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Survey of National Park Service employees shows an agency that's 'fallen on hard times'

Ranger directing traffic at the north entrance of Yellowstone State Park on June 26, 2017, in Wyoming. A new engagement survey shows that working at a national park is no picnic.
NPS / Jacob W. Frank
Ranger directing traffic at the north entrance of Yellowstone State Park on June 26, 2017, in Wyoming. A new engagement survey shows that working at a national park is no picnic.

Working at a national park is no picnic, according to a new survey of employees.

The Partnership for Public Service, a nonpartisan nonprofit, recently released its annual rankings of the best places to work in the federal government. The rankings are based on surveys that ask agency employees to evaluate their job and organizational satisfaction.

“This is not a happiness index – it's an engagement index,” said Max Stier, the group's president and CEO. “This is really about whether you have an environment that is going to get the best out of employees where they're giving their discretionary energy to better serve the public. So it really matters.”

A Yellowstone National Park ranger is seen standing near a road wiped out by flooding along the Gardner River the week before, near Gardiner, Mont., June 19, 2022. A recent survey has shown that while national parks employees feel strongly about the mission and importance of their work, they don't necessarily feel supported.
Matthew Brown/AP
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AP
A Yellowstone National Park ranger is seen standing near a road wiped out by flooding along the Gardner River the week before, near Gardiner, Mont., June 19, 2022. A recent survey has shown that while national parks employees feel strongly about the mission and importance of their work, they don't necessarily feel supported.

The National Park Service ranked 371st out of 432 sub-agencies overall, placing it in the bottom 15th percentile. The NPS ranked especially poorly in the categories of work-life balance (406th), pay (400th), and senior leadership (396th).

Despite the fact that visitor satisfaction is high, many national parks remain underfunded and understaffed, which Stier said impacts the scores.

He noted that the agency's overall score has been consistently low for about the past eight years.

“You're not talking about an organization that, you know, has fallen on hard times,” he said. “It has, frankly, struggled for as long as we have really done these surveys.”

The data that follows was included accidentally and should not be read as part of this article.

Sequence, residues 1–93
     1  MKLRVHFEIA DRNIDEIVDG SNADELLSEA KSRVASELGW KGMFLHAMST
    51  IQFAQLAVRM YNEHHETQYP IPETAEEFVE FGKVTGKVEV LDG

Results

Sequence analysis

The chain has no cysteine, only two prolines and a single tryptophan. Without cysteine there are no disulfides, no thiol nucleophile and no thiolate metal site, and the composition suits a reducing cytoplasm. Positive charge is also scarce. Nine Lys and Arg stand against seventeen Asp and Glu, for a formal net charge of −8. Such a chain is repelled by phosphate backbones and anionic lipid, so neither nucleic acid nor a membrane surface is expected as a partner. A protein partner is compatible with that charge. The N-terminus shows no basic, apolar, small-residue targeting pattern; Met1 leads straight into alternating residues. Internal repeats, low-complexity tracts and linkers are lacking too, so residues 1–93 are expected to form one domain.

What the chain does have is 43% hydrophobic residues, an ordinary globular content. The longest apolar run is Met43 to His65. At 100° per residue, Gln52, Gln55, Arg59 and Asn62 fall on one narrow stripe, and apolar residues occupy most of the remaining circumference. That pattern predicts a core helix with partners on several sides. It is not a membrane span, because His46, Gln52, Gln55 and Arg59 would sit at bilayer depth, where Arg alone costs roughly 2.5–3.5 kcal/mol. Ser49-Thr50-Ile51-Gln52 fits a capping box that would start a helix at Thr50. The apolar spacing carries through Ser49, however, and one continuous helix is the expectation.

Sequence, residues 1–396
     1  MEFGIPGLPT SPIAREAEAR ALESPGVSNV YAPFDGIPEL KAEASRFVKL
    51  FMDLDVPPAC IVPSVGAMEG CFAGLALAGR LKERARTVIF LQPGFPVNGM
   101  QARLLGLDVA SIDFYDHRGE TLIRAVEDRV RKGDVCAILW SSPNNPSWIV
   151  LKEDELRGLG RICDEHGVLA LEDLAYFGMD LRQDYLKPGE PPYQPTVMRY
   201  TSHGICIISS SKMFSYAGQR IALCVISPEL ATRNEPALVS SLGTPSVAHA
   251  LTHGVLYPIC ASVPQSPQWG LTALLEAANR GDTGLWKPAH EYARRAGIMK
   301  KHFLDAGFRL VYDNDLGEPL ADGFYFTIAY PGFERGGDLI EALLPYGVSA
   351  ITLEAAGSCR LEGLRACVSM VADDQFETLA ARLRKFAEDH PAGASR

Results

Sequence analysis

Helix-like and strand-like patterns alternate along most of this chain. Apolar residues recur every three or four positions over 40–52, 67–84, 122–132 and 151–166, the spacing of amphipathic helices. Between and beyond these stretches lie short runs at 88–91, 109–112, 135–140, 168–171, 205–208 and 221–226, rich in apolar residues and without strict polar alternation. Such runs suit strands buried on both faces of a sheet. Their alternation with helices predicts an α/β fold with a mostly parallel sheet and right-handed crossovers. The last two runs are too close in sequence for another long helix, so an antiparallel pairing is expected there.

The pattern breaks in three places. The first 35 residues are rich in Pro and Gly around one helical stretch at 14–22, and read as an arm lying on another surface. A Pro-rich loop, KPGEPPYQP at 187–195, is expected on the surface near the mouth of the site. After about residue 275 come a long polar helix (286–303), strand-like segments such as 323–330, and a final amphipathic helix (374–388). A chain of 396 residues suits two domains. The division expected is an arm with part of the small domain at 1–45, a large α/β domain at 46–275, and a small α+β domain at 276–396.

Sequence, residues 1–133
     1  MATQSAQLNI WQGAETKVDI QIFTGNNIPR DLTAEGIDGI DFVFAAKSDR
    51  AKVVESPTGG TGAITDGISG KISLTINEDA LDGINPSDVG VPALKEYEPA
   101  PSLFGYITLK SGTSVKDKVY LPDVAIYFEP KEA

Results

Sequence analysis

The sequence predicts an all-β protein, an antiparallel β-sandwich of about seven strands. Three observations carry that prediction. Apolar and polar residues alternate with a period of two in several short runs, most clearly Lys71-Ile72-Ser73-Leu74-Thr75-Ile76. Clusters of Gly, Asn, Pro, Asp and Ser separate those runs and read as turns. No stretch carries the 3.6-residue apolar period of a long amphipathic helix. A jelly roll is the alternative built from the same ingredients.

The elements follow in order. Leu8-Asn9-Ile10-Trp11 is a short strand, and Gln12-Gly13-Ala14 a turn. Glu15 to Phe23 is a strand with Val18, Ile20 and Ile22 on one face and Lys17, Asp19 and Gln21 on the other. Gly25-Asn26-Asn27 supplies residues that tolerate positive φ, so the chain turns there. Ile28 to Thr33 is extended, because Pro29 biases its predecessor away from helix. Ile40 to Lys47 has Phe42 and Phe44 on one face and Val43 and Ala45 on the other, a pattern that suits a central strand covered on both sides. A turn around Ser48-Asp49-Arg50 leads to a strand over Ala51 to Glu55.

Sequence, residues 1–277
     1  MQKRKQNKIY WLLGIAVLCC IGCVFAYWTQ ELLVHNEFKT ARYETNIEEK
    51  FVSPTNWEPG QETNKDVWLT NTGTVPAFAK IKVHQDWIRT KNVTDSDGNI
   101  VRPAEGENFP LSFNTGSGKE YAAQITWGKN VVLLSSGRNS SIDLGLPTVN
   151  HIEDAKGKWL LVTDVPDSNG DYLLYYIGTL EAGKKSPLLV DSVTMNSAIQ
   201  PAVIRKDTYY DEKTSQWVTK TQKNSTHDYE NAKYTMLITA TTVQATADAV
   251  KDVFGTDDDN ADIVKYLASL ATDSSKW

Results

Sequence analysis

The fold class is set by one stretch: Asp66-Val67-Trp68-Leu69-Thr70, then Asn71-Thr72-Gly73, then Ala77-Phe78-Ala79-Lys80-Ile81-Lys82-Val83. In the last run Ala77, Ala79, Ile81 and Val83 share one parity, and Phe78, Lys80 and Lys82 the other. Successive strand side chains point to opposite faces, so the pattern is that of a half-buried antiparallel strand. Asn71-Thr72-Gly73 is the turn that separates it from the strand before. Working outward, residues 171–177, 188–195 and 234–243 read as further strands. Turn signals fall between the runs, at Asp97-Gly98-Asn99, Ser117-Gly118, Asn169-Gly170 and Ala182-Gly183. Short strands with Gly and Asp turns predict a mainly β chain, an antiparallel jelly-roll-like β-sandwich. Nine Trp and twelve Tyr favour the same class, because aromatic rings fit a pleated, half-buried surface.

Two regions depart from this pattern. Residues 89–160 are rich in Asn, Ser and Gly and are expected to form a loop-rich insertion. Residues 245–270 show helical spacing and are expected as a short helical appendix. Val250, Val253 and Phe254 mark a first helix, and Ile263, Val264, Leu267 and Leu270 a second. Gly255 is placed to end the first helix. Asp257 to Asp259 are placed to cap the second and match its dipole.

Other federal agencies with a big presence in the Mountain West are also struggling, the survey results show. The Bureau of Land Management ranked 348th out of 432, and the U.S. Forest Service ranked 406th. Meanwhile, the Mountains and Plains region of the Environmental Protection Agency ranked 52nd.

Stier said more investment is needed in these federal environmental agencies in order to allow employees to do their jobs well.

In this Sunday, Aug. 12, 2018  photo provided by the National Park Service, an interpretive ranger talks to visitors about the Howe Ridge Fire from outside Lake McDonald Lodge in Glacier National Park, Mont. Wildfires burning in the U.S. this summer have upended plans for countless outdoor adventures. Campers, hikers, rafters and other outdoor enthusiasts have had to scrap or change plans or endure awful smoke.
AP
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National Park Service
In this Sunday, Aug. 12, 2018 photo provided by the National Park Service, an interpretive ranger talks to visitors about the Howe Ridge Fire from outside Lake McDonald Lodge in Glacier National Park, Mont. Wildfires burning in the U.S. this summer have upended plans for countless outdoor adventures. Campers, hikers, rafters and other outdoor enthusiasts have had to scrap or change plans or endure awful smoke.

“If they feel like their hands are tied behind their back and they don't have the resources they need, then that's a real challenge for creating the kind of engaged environment that allows them to succeed in the way they want to,” he said.

The NPS did score higher for employees identifying with the agency’s mission (187th), which Steir said reflects an eagerness to serve that ought to translate into employee satisfaction.

“The yellow light is blinking here,” he said. “We will be benefited by it. Our national parks are great treasures and our civil servants and those that are working in the Park Service are also a great treasure. And we should be taking care of both.”

This story was produced by the Mountain West News Bureau, a collaboration between Wyoming Public Media, Nevada Public Radio, Boise State Public Radio in Idaho, KUNR in Nevada, the O'Connor Center for the Rocky Mountain West in Montana, KUNC in Colorado, KUNM in New Mexico, with support from affiliate stations across the region. Funding for the Mountain West News Bureau is provided in part by the Corporation for Public Broadcasting.
Copyright 2023 KUNC. To see more, visit KUNC.

Emma VandenEinde

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